The façade of the Duomo looked just as beautiful as we remembered from yesterday, and we took a few pictures before entering the church to see the interior. As expected, the interior of the church is very beautiful and is adorned with numerous intricate side chapels. The ceiling is quite simple for the most part, but the area above the altar is covered in beautiful paintings. Two large side chapels flank the main altar and they are topped by small cupolas. The highlight of the interior is the beautiful inlay work of marble, something that Sicilian craftsman are known for and that we have seen in several churches thus far. Along the front of the church between the pews and the altar, a strange gold line runs across the floor at an angle from the rest of the architecture. We speculated what it might be for and our best guess is that Robert Langdon will be coming to discover some hidden church mystery in Palermo within the next few years (for all you who don’t know who Robert Langdon is, we highly recommend reading “Angels and Demons” or “The DaVinci Code” by Dan Brown…As a very random aside, when we were looking in bookstores many weeks back, we noticed that they were selling “Angeli e Demone”, the Italian translation of “Angels and Demons”. We also found a spoof novel, written in Italian, titled “Angeli e Salame” with cover art depicting salami sausages with angel’s wings…Philip almost bought it).

zodiac floor tile inside the Duomo in Palermo, Sicily, Italy

A floor tile showing signs of the Zodiac inside the Duomo.

The Duomo also contains a treasury, a crypt, and a few royal tombs that we decided to investigate. We bought our inexpensive ticket for all three and began with the treasury. After looking at a few items, Rose suggested that we investigate the crypt first, as we cared much more about that than about seeing display cases of jewelry and church artifacts and the area was going to close within half an hour. The crypt was very cool to see and had numerous sarcophagi in an underground room with beautiful stone arches. We’re not sure about this, but we think it is likely that the crypt is a former church that upon which the Duomo was later built. The carvings on the sarcophagi were intricate and beautiful, though our favorite was a fairly simple carving showing a slightly ajar door on the side of the sarcophagus.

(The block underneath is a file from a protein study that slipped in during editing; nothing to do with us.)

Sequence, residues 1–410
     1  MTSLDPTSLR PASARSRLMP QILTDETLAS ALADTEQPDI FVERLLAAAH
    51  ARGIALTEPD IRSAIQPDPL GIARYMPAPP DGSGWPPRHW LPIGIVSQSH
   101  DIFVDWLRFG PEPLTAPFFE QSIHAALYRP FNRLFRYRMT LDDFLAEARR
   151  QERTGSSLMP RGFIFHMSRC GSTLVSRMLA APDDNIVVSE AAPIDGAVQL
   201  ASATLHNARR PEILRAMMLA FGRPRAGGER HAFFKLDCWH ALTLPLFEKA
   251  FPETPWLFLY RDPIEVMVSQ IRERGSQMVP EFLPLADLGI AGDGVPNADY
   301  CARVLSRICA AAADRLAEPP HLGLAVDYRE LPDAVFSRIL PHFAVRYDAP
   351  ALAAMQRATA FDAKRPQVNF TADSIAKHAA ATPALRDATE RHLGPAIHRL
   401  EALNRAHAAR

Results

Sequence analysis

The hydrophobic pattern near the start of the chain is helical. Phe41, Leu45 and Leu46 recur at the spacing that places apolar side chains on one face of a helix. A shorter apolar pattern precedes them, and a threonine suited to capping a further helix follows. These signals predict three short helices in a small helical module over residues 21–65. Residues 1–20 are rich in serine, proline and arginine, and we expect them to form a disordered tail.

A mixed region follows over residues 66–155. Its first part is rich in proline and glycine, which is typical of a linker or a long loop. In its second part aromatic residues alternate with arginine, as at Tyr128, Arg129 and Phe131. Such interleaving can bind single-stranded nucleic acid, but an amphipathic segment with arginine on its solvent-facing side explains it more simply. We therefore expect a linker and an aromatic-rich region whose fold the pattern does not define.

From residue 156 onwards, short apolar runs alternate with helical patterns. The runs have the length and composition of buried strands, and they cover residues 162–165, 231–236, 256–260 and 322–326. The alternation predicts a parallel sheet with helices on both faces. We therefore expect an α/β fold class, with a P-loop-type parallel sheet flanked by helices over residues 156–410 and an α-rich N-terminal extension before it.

After leaving the crypt, we spent a few minutes investigating the treasury to see what fancy things lived there. Of most importance, the treasury houses the crown of Catherine of Aragon, a rather ugly headpiece that is covered with far too many large precious stones. We also saw other pieces of jewelry that were covered with too many diamonds and rubies to count, and this sparked a fun conversation about the best uses of money and the lavishness of the Catholic Church. Our final stop in the Duomo was the small section containing four large royal tombs. We never managed to figure out who was buried in them, but some of the mosaic and inlay work on the sarcophagi and surrounding pillars and canopies were quite beautiful.

crown of Catherine of Aragon inside the Duomo Treasury in Palermo, Sicily, Italy

The crown of Catherine of Aragon, housed inside the Duomo Treasury.

After leaving the Duomo, we walked around the building so that we could see it from its other side, and then returned to our hotel room so Rose could have her afternoon nap. We spent a few hours there napping, catching up once again on journaling, and avoiding the incredible heat of Sicily. At around 5:30 pm, we finally set off again to explore more of the city now that the temperature had cooled and business had reopened from siesta.

Arches on back side of Duomo in Palermo, Sicily, Italy

Arches across the road on the back side of the Duomo.

Our first stop was the Chiesa di San Giuseppe and our jaws dropped to the floor when we saw the overwhelmingly beautiful interior (well, they didn’t actually drop to the floor; it’s just a figure of speech). Never before have either of us seen a church so completely covered with inlaid marble, beautiful carvings, painted ceilings embossed with gold trim, large expanses of beautiful marble, and so much more. We spent a long time in the church and still never managed to take it all in. The attention to detail in the building is exquisite, and the quality and intricacy of the craftsmanship is unmatched even at the Basilica di San Pietro in Roma. One of the most incredible aspects of the church was the use of inlaid marble, not just on the floor, but on the walls and even on rounded pillars and beveled edges.